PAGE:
In his 2007 best-seller, The World Without Us, Alan Weisman explored what would happen to the planet if the human race suddenly vanished – the gradual deterioration of the built environment, the geologic fossilization of our everyday stuff, and the ecological processes that would rebound and thrive without continual and growing human pressure. [Video Below]
›September 25, 2014 // By Wilson Center Staff
Conflict over environmental resources endangers rural people’s livelihoods and can increase the risk of broader social conflict. Yet joint action to sustain shared resources can also be a powerful means for community building. The Strengthening Aquatic Resource Governance (STARGO) project demonstrated this in three ecoregions: Lake Victoria, with a focus on Uganda; Lake Kariba, with a focus on Zambia; and Tonle Sap Lake in Cambodia. The results of the project were released at an event in Berlin in early July 2014.
›March 10, 2014 // By Wilson Center Staff
I meet Keo Mao, 42, in the floating fishing village of Akol on Cambodia’s Lake Tonle Sap. The houses here move seasonally with the lake, which expands by a factor of five during the monsoon rains and recedes again in the dry months. Fish supply about 80 percent of the animal protein eaten by Cambodians, and about 60 percent of the inland catch comes from the Tonle Sap.
›February 20, 2014 // By Wilson Center Staff
In the sleepy northern Thai border town of Huay Luk, a community leader, Pornsawan Boontun, still remembers the day when villagers netted a Mekong giant catfish more than a decade ago. The fish weighed 615 pounds, and it surprised everyone since the elusive species has never been common in this stretch of river.
›February 14, 2014 // By Wilson Center Staff
What do melting Himalayan glaciers have to do with food security in Cambodia? Not much, thought an aid practitioner trying to boost food security along the lower reaches of the Mekong River – until she heard a colleague working on the Tibetan Plateau describe the downstream implications of climate change in the Himalayas. Everything she was working on, she suddenly realized, could be literally washed away.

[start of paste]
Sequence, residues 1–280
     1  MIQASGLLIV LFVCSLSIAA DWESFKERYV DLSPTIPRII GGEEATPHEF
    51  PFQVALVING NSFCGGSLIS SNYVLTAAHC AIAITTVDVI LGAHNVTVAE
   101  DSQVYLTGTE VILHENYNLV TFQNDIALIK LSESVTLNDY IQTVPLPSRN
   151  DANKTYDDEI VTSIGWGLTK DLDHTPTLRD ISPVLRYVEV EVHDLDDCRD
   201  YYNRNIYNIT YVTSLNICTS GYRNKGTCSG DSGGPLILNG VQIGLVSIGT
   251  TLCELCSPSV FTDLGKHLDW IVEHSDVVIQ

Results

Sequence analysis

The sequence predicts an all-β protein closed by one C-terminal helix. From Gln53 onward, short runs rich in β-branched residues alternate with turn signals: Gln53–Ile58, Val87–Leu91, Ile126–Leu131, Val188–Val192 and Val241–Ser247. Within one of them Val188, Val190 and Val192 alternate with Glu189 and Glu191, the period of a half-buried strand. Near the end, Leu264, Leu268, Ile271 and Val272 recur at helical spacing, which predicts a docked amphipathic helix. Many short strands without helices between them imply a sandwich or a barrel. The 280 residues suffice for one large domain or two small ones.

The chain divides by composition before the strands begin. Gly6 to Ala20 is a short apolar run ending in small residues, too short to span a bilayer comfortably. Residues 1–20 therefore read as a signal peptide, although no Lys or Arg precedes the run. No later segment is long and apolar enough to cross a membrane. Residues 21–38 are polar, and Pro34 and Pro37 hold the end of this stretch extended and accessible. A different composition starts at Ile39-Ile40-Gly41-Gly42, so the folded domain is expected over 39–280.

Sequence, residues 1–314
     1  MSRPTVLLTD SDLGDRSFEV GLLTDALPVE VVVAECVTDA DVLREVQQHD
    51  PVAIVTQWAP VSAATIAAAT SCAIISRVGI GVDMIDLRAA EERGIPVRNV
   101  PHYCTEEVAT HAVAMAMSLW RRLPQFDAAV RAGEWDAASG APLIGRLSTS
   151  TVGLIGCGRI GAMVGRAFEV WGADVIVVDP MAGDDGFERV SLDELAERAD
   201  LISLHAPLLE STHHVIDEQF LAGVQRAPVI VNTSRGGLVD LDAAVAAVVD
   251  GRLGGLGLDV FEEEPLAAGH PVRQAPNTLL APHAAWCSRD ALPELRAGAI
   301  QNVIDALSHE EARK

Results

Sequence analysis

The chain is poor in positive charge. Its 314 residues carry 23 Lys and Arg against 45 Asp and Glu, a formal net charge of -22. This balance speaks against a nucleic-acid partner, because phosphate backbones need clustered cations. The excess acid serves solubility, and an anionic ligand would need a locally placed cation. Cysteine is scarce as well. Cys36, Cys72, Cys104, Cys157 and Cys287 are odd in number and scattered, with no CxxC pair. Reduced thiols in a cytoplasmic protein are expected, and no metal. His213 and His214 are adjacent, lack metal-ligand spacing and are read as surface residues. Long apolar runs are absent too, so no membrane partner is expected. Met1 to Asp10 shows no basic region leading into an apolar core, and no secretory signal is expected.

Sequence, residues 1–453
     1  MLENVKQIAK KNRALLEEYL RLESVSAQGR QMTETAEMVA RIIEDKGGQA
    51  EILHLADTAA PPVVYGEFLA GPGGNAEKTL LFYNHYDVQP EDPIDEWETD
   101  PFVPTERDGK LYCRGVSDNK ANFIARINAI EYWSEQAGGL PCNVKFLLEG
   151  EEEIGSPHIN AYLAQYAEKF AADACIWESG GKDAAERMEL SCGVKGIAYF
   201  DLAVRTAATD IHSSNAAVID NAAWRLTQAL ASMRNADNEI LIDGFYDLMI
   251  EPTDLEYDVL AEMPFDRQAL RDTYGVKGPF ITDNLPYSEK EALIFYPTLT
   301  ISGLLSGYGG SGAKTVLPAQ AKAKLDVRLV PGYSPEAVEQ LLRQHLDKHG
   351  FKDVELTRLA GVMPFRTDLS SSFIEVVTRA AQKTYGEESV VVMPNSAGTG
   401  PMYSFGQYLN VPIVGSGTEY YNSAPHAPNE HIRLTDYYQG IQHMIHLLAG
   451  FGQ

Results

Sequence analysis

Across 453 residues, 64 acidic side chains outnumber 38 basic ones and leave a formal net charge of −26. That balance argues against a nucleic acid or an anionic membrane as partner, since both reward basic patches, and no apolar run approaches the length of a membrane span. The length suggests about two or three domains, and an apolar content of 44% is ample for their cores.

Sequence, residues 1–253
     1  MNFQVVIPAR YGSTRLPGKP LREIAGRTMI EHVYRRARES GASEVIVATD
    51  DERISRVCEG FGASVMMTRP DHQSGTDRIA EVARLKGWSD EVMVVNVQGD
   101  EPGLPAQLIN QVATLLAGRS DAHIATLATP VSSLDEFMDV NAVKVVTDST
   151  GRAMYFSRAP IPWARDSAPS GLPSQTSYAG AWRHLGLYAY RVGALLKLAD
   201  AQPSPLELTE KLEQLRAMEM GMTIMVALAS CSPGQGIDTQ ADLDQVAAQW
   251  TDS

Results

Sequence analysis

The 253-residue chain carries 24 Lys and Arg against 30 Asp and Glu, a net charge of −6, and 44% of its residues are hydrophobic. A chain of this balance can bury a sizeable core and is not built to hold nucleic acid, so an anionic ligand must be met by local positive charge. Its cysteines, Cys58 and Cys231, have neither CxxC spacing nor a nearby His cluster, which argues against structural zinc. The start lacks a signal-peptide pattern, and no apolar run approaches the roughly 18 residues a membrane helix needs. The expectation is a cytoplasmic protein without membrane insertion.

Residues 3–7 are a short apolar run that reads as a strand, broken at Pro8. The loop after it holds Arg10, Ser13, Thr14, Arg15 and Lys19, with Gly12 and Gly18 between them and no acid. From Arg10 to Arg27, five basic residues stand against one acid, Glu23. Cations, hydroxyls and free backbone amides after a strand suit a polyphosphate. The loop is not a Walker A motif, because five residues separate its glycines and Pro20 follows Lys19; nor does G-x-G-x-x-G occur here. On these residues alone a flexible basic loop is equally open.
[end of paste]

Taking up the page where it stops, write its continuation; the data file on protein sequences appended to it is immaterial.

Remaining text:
What does Himalayan ice melt have to do with food security in Cambodia? A lot, when they both significantly affect the flow of the Mekong River. But when it comes to long-term planning across topical and regional lines, development agencies aren’t always as collaborative as they could be – both externally and internally.
The past three years – and more pointedly the past 12 months – have laid witness to monumental, if not heartbreaking, incidents of gender-based violence. The gang rape of a 23-year-old woman in New Delhi last December; the gang rape of a 16-year-old girl left for dead in a pit latrine in Western Kenya last June; the mass sexual assault of women in Tahrir Square during the 2011 revolution in Egypt and since; all were high profile atrocities that ignited outrage around the world.
Dark Forests: Interview With Bopha Phorn on Investigating Land Deals, Logging, Gender Issues in Cambodia›
Cambodia is a young democracy in transition. It has the highest rate of urbanization in Southeast Asia, but the lowest percentage of current urban dwellers and widespread poverty. The Mekong River, on which millions of rural Cambodians rely, is being dammed at a rapid pace, both upstream, beyond the country’s borders, and within. Aided by weak land laws, both foreign and domestic industrial forces have staked claim to large swaths of the country for logging and rubber plantations, displacing thousands.
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